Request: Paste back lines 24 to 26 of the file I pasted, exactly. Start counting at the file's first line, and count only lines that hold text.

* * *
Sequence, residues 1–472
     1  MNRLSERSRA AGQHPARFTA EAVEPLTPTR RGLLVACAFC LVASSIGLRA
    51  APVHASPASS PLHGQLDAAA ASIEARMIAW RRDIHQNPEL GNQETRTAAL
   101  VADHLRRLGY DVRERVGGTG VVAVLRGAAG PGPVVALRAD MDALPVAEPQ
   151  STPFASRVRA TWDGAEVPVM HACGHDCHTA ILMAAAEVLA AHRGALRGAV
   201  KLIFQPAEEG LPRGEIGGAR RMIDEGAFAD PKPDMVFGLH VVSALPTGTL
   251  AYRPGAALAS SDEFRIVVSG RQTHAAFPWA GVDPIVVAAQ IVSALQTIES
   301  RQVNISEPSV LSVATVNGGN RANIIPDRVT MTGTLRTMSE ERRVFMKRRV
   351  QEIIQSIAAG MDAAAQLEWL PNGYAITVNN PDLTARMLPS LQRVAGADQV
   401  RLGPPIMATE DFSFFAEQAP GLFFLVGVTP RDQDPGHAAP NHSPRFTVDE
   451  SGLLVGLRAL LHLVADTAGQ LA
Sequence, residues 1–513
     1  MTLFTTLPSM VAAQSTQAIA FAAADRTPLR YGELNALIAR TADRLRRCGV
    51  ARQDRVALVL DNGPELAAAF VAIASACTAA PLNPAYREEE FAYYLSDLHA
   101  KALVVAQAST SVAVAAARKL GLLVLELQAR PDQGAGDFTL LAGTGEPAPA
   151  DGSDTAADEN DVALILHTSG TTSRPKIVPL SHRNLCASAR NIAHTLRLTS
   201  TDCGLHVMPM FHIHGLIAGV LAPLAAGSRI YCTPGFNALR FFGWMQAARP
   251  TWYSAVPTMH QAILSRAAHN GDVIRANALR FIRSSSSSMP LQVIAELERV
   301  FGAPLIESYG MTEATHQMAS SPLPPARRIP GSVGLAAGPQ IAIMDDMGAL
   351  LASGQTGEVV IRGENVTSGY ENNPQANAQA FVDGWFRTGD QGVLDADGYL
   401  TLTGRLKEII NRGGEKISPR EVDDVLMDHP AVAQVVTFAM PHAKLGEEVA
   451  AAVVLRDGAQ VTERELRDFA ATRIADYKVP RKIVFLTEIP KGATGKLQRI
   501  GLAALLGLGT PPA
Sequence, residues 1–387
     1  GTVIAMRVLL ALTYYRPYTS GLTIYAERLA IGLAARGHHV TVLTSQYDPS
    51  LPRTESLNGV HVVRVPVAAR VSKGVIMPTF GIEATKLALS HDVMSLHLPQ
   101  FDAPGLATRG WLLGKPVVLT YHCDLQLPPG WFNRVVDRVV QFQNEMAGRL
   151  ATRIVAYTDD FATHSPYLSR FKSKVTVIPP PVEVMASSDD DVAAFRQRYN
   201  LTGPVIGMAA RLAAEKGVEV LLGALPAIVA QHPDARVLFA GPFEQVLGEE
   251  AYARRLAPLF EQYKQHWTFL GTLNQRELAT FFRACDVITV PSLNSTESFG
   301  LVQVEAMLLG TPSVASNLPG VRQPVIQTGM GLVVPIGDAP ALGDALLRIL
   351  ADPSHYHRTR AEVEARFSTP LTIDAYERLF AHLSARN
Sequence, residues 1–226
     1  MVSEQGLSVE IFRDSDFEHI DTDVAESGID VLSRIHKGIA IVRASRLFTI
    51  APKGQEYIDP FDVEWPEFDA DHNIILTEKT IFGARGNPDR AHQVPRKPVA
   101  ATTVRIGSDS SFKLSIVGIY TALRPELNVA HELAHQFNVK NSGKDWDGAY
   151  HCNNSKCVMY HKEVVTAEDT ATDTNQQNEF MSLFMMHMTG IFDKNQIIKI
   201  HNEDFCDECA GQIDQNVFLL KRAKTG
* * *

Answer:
Sequence, residues 1–387
     1  GTVIAMRVLL ALTYYRPYTS GLTIYAERLA IGLAARGHHV TVLTSQYDPS
    51  LPRTESLNGV HVVRVPVAAR VSKGVIMPTF GIEATKLALS HDVMSLHLPQ